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Benjamin Netanyahu, following a historic election last week, is set to become the longest-serving Prime Minister of Israel since its founding father David Ben-Gurion. He will likely form a new coalition government next month, potentially the most right-wing and Orthodox Israel has seen. The future of moderate conservatism in Israel appears uncertain.

Netanyahu is a controversial figure. He currently faces corruption allegations and has advocated substantial changes to Israeli policy, including the passage of the controversial Nation-State Bill in Israel’s legislative body, the Knesset. The Nation-State Bill states that Jewish citizens of Israel have the “unique” right to self-determination. It also places Hebrew as the “state’s language”, reducing Arabic to a “special status” language, despite 20% of Israel’s population speaking Arabic as a first language. Netanyahu has also sparked debate by raising the defence budget, and he has refused to support bilateral negotiation of territory with Palestinian leaders. Following his election victory, he looks set to pursue new hardline laws on the annexation of the West Bank as Israeli territory.

Netanyahu’s right-wing Likud party defeated Benny Gantz, the former Israeli Defence Forces Chief of Staff, and head of the ‘centrist’ Blue and White political alliance. Gantz supports more moderate economic and social policies, such as relaxing laws about trading and transport on Saturdays, the Jewish Sabbath day, historically a controversial issue with Orthodox minority parties in the Knesset. He is, however, also a self-confessed ‘hawk’ when it comes to security issues, despite attempts to cultivate an image of supporting a military ‘middle way’. Gantz’s newly increased political weight in the Knesset, even though he is unlikely to form part of the new religious coalition, may fall in line with Netanyahu’s hardline Palestine policy involving annexing the West Bank. This is despite Israeli settlements being condemned by the United Nations under international law.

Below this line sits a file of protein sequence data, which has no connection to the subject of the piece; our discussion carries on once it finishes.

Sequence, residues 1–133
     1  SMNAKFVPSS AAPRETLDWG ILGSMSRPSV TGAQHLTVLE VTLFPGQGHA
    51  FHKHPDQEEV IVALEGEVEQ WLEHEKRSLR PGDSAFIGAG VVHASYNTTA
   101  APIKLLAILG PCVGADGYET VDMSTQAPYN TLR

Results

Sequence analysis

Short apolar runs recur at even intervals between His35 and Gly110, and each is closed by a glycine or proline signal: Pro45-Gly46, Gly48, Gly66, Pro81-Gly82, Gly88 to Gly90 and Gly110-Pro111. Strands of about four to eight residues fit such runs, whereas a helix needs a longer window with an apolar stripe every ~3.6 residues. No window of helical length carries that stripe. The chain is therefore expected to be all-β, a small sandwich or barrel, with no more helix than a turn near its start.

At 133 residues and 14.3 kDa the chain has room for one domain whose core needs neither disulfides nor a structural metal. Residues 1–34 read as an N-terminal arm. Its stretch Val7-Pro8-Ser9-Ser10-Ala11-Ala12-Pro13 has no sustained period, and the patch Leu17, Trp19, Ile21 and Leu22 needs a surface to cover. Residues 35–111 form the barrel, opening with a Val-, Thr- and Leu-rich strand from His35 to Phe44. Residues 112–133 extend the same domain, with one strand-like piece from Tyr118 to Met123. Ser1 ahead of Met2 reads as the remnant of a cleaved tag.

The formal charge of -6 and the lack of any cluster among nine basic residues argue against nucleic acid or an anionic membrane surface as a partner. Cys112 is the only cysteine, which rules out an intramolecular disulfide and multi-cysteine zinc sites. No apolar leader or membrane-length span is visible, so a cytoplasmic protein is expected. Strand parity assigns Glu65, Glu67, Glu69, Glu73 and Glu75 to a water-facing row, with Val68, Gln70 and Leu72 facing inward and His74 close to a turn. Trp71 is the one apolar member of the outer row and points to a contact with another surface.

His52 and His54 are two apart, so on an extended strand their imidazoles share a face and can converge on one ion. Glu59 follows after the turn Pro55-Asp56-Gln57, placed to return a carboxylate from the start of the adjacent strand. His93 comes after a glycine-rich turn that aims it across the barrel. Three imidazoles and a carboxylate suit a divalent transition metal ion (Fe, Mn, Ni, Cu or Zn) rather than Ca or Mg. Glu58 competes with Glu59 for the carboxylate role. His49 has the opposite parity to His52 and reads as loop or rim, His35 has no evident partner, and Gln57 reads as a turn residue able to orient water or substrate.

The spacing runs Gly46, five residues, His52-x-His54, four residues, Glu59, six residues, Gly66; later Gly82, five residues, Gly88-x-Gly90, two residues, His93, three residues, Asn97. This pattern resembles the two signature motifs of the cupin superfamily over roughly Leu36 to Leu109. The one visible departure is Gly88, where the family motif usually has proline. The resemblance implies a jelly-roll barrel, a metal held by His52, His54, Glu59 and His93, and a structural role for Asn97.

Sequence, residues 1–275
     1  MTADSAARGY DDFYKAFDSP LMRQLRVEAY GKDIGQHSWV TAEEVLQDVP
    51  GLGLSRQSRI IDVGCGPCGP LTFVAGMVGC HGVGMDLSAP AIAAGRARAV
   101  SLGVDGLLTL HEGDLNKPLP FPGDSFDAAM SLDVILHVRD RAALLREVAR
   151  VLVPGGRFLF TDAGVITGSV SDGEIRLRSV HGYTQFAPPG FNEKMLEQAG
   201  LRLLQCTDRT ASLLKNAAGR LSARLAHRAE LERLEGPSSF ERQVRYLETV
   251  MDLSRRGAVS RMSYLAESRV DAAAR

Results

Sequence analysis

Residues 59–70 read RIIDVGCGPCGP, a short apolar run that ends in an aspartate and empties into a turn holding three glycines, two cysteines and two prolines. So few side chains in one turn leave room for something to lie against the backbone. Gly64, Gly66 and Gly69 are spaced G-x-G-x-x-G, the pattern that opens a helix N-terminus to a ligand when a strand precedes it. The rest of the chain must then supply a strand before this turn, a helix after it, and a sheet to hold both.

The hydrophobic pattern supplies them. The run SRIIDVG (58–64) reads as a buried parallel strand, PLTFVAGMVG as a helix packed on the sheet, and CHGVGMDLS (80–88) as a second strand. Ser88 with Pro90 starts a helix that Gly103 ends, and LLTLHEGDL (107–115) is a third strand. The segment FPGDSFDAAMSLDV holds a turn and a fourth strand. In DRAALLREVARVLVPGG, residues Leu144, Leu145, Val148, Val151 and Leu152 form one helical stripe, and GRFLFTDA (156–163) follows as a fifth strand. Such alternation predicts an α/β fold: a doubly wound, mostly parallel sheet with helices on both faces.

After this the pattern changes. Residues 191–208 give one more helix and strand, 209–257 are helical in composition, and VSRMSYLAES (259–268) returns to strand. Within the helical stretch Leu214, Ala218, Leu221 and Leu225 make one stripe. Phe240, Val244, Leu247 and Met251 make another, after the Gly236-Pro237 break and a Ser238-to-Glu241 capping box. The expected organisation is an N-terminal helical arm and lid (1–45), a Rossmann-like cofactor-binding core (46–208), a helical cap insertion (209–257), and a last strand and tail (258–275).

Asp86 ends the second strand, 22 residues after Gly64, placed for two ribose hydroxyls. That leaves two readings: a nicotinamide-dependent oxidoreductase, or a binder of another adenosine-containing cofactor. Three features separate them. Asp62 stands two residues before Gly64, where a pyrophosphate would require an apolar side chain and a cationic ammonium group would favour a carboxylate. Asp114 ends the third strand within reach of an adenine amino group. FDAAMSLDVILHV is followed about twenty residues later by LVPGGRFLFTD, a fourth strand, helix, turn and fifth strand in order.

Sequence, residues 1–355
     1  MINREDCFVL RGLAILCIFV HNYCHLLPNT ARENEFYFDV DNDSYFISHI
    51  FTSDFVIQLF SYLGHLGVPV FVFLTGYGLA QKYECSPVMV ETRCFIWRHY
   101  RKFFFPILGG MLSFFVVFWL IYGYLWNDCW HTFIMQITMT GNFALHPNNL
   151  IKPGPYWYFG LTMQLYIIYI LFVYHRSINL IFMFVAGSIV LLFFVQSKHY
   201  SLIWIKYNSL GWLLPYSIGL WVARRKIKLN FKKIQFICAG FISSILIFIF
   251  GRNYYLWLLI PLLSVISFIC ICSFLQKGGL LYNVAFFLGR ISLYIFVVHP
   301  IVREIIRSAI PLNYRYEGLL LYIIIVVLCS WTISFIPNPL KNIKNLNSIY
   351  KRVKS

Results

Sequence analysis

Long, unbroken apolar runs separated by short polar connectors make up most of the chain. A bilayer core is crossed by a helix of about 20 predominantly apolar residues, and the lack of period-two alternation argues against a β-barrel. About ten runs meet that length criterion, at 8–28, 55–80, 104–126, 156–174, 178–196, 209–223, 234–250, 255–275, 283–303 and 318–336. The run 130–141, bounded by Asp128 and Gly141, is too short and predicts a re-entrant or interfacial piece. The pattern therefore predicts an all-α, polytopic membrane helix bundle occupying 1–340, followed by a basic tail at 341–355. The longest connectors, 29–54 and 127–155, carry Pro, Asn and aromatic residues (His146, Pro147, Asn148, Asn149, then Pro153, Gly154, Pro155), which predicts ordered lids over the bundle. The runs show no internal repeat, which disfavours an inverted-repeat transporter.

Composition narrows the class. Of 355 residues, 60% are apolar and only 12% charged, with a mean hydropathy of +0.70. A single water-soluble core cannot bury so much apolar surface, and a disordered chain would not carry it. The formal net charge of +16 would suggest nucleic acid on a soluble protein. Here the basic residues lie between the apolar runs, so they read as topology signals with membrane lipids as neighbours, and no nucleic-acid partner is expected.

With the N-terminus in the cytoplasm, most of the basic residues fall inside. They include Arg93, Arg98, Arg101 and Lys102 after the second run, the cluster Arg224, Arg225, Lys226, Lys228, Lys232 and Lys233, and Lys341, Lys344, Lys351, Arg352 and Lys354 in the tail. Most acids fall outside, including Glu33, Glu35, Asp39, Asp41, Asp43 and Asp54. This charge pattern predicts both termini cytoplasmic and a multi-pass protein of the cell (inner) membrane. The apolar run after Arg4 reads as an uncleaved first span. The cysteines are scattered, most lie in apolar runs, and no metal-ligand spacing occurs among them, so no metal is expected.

Likud’s power shows no signs of waning, and the leftist and Arab-interested parties’ power in the Knesset continues to decline. The Labor Party, which dominated Israeli politics for the first three decades after Israel’s founding as a socialist democratic force in the tradition of twentieth-century Zionist movements, has declined sharply in the polls. It now holds only six seats in the Knesset. Conversely, two ultra-Orthodox parties, Shas and United Torah Judaism, both increased their numbers of seats to eight each. Both have signalled their willingness to join a Netanyahu coalition.

However, the election results do not completely threaten Israeli moderate conservatism. Blue and White’s elections results – gaining 35 seats and 29% of the vote, almost equal to Likud’s 36 seats and 30% of the vote – are impressive given the coalition has existed only for a few months. As discussed above, Blue and White favour more moderate policies. This includes a plan to introduce a term limit for Israeli Prime Ministers and supporting the introduction of public transport services on the Jewish Sabbath. If Netanyahu’s victory has exposed the fact that a significant proportion of the electorate is willing to overlook his corruption allegations and support his hardline Palestine policy – Gantz’s gains have shown that an almost equally significant part of the population still supports a moderate conservative approach. Socially, at least, moderate conservatism in Israel is growing: young Israelis are beginning to identify with less hardline conservative and, at times, more secular ideologies.

Political moderate conservatism, despite the seemingly heartening gains of the Blue and White coalition, still has much further to come if it is to effectively challenge the dominance of Netanyahu and the more conservative right in Israeli politics.

Caitlin Farrell is currently undertaking a week’s work experience with Bright Blue. The views expressed in this article are those of the author, not necessarily those of Bright Blue.